Atmosphere layers

Atmosphere layers

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Planet earth is surrounded by air. This air is arranged according to the pressure it receives, becoming denser or less dense as it moves away from Earth.
The atmosphere consists of five layers: troposphere, stratosphere, mesosphere, thermosphere and exosphere; that serve as protection, since if they did not exist we would not bear the heat emitted by the sun's rays.

Similarly would happen the earth cooling at night, where we would lose all the heat acquired by the sun, suffering a very rapid variation of temperature.

The nearest air layer to the Earth is called Troposphere, this layer extends up to 20 km from the ground at the equator and approximately 10 km at the poles. It is the air in which we live, breathe and where natural phenomena such as rain, snow, winds and lightning occur. It is also in the troposphere that air pollution occurs. Cargo and passenger aircraft fly in this layer.
Temperatures in this layer may range from 40 ° C to -60 ° C. The higher the altitude the lower the temperature.
Above the troposphere is the Stratosphere. This layer occupies a range that goes up to 50 km above the ground. Temperatures in this layer range from -5 ° C to -70 ° C.
At Stratosphere the ozone layer is located, that protects the earth by absorbing the ultraviolet rays of the sun. It is in this layer that airplanes make their flights and where the greenhouse effect happens. Greenhouse effect is caused by the emission of gases into the atmosphere, gases like CO2, which released in large quantities, seriously contributes to global warming. This phenomenon happens due to the strong pollution that the planet suffers daily, and this is causing holes in the ozone layer, which in turn is causing the warming of the atmosphere. In addition to warming the earth, this ozone "failure" allows electromagnetic waves to enter the earth, the so-called UVa and UVb rays, which can cause many cancers.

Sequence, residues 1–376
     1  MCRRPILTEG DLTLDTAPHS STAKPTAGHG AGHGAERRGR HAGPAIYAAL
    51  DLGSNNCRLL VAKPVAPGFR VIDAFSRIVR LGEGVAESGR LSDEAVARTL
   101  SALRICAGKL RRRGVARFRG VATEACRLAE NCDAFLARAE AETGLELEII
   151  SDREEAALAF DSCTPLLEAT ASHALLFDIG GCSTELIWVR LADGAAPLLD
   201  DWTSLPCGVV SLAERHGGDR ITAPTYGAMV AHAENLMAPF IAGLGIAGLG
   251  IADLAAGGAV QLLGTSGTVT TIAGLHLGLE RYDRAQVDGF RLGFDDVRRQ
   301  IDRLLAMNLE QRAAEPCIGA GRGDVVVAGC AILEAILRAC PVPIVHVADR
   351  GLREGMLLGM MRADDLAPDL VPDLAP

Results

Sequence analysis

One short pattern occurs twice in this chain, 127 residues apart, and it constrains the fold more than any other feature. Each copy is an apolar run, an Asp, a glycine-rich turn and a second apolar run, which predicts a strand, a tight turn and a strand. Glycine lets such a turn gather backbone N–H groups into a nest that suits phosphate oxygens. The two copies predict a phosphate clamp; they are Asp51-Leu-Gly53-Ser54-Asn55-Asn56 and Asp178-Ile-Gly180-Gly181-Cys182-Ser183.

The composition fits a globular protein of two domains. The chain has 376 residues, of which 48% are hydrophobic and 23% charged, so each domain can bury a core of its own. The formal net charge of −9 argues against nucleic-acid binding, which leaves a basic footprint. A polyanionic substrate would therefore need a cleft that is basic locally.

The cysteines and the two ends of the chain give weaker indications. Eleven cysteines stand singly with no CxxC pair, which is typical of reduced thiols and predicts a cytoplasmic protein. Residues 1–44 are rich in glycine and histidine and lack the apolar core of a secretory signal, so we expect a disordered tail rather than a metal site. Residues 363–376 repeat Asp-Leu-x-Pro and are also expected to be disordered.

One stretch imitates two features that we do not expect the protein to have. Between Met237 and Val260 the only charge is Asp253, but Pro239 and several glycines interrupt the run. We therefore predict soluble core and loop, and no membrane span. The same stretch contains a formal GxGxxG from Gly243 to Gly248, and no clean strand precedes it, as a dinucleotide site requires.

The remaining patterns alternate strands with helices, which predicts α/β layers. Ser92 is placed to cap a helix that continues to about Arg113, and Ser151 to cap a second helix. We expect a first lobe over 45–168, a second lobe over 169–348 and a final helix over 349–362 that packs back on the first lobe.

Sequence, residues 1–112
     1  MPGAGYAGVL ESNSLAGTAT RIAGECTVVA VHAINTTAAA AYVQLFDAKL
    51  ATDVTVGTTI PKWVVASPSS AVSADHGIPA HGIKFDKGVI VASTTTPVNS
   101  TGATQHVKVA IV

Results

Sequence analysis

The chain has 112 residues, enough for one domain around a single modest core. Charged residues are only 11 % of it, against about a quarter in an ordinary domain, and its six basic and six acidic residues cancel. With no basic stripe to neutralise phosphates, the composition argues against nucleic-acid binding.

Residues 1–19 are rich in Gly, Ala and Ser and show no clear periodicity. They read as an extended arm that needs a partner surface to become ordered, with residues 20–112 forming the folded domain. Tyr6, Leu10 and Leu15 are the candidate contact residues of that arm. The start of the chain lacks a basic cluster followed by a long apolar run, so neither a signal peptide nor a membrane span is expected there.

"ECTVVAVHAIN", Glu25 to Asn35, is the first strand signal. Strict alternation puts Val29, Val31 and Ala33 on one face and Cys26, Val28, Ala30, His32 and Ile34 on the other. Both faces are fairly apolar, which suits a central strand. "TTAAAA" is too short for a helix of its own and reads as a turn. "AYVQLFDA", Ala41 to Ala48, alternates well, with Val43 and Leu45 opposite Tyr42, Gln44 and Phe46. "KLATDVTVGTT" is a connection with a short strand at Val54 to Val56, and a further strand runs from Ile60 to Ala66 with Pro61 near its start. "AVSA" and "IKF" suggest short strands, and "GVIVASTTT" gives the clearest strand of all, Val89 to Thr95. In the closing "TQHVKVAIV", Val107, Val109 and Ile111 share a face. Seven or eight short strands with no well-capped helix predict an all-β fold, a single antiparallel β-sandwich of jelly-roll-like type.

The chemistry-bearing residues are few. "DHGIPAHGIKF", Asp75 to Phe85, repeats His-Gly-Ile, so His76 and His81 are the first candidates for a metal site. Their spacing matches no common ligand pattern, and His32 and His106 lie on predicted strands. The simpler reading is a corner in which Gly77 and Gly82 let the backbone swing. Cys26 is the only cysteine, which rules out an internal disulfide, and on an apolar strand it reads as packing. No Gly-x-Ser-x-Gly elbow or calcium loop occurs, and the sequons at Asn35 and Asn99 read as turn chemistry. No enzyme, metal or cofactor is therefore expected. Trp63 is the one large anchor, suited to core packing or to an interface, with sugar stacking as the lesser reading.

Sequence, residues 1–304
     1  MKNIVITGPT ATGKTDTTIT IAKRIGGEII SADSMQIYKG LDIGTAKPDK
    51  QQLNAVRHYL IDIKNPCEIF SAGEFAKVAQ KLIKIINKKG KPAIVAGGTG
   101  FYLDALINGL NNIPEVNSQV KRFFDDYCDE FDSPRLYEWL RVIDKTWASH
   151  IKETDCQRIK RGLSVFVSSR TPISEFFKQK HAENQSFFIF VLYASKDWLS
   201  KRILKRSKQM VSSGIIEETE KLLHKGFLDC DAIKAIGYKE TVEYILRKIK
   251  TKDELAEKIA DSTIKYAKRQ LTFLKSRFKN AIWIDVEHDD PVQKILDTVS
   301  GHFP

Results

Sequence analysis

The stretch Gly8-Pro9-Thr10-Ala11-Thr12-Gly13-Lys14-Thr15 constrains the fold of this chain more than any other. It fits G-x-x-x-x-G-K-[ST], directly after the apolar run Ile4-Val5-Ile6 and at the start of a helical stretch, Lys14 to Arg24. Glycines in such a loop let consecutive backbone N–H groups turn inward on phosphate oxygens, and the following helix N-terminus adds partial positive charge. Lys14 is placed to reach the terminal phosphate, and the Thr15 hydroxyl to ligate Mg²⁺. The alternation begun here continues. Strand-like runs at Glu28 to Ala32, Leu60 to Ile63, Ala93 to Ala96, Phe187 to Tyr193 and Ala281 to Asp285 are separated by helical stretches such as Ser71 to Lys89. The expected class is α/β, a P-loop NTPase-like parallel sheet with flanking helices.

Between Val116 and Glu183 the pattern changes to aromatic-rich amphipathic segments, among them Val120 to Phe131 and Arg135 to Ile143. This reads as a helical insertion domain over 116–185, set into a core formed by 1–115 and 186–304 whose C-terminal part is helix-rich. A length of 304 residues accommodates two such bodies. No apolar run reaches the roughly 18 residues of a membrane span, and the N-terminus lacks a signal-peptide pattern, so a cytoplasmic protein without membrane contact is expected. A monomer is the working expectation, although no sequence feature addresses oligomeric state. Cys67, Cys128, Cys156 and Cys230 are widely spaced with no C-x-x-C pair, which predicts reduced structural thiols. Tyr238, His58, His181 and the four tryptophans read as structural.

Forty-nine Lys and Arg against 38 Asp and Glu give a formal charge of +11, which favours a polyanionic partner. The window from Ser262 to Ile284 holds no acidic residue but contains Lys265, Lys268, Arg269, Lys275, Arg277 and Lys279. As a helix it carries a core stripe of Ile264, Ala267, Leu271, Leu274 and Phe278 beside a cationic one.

Between 50 and 80 kilometers away from Earth we have the Mesosphereextremely cold air layer with temperatures ranging from -10 ° C to -100 ° C. The bottom is warmer because it absorbs heat from the stratosphere. In this layer occurs the phenomenon of aeroluminescence.
The next layer is the Thermosphere. It lies between 80 kilometers and 500 kilometers away from Earth. It is the most extensive atmospheric layer. O air is very scarce and rare and is called thin air. It is the warmest layer, as the rare air molecules absorb radiation from the sun. The temperatures at the top reach 1,000 ° C. The lower layer of the thermosphere is called the ionosphere. This is where ions - small electrical particles - are used to receive and transmit radio frequencies.
The last layer, that is, the furthest from the earth, is the Exosphere. It is the layer that precedes outer space. It goes from the end of the thermosphere to 800 km from the ground. In this layer the particles detach from the gravity of planet Earth. Temperatures may reach 1,000 ° C. It is basically made up of half helium gas and half hydrogen.
In the exosphere the phenomenon of northern lights happens and also the satellites of data transmission and also space telescopes.